In the hours before death, most people fade as the blood supply to their body declines further. They sleep a lot, their breathing becomes very irregular, and their skin becomes cool to the touch. Those who do not lose consciousness in the days before death usually do so in the hours before. Most people are very calm at this time, although some may be agitated, especially if they are finding it hard to breathe.
Other symptoms in the hours before death include:
- glassy, teary eyes that may be half-open
- cold hands
- weak pulse
- being fast asleep
- gasping, or periods where breathing completely stops
In time, the heart stops and they stop breathing. Within a few minutes, their brain stops functioning entirely and their skin starts to cool. At this point, they have died.
Human decomposition begins around four minutes after a person dies and follows four stages: autolysis, bloat, active decay, and skeletonisation.
The first stage of human decomposition is called autolysis, or self-digestion, and begins immediately after death. As soon as blood circulation and respiration stop, the body has no way of getting oxygen or removing wastes. Excess carbon dioxide causes an acidic environment, causing membranes in cells to rupture. The membranes release enzymes that begin eating the cells from the inside out.
Rigor mortis causes muscle stiffening. Small blisters filled with nutrient-rich fluid begin appearing on internal organs and the skin’s surface. The body will appear to have a sheen due to ruptured blisters, and the skin’s top layer will begin to loosen.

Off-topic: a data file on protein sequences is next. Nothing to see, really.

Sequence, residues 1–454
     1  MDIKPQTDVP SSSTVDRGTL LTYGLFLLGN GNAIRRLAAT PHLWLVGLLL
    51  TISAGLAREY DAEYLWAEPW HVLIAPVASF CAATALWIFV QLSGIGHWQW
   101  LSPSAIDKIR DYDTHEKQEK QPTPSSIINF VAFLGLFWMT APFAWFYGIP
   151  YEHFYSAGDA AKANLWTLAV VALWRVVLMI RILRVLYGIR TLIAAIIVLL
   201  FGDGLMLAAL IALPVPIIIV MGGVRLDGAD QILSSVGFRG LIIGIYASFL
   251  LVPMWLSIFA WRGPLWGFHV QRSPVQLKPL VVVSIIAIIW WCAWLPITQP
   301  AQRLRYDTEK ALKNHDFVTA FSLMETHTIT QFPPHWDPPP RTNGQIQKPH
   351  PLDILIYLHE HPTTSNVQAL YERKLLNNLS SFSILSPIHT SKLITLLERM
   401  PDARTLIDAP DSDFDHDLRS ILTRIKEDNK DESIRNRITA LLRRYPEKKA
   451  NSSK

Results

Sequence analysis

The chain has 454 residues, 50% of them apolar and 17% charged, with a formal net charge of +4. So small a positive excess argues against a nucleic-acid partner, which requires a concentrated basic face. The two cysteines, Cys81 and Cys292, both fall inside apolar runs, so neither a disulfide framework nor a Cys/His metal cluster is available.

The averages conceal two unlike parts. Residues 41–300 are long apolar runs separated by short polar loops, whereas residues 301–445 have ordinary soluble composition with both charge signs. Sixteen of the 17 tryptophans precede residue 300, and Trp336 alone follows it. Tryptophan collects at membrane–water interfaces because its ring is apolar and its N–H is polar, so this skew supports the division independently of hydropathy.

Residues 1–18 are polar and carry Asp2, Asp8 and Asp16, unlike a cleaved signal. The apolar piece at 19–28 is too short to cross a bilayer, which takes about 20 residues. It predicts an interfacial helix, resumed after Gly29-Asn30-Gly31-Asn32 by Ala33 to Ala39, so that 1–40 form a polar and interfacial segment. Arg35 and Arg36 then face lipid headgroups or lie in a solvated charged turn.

Stage two of human decomposition consists of bloating to the body. Leaked enzymes from the first stage begin producing many gases. Due to the gases, the human body can double in size, giving it that bloated look.The sulfur-containing compounds that the bacteria release also cause skin discolouration. In addition, insect activity can be present.
The microorganisms and bacteria produce extremely unpleasant odours called putrefaction. These odours often alert others that a person has died, and can linger long after a body has been removed.
During stage three, fluids released through orifices indicate the beginning of active decay. Organs, muscles, and skin become liquefied. When all of the body’s soft tissue decomposes, hair, bones, cartilage, and other byproducts of decay remain. The cadaver loses the most mass during this stage.
Then finally to stage four. Because the skeleton has a decomposition rate based on the loss of organic (collagen) and inorganic components, there is no set timeframe when skeletonisation occurs.
Last Week’s Birthdays
Chiwetel Ejiofor (45), Sofía Vergara (50), Peter Serafinowicz (50), John Simm (52), Kelly McGillis (65), Tom Hanks (66), Jimmy Smits (67), Pamela Adlon (56), Scott Grimes (51), Fred Savage (46), Courtney Love (58), Richard Wilson (86), O.J. Simpson (75), Kevin Bacon (64), Anjelica Huston (71), Jeffrey Tambor (78), Jaden Smith (24), Pauline Quirke(63), Jack Whitehall (34), Shelley Duvall (73), Ringo Starr (82), Kevin Hart (43), Sylvester Stallone (76), Eva Green (42), Jennifer Saunders (64), Geoffrey Rush (71), Burt Ward (77), Edie Falco (59), Huey Lewis (72), Post Malone (27), and Neil Morrissey (60).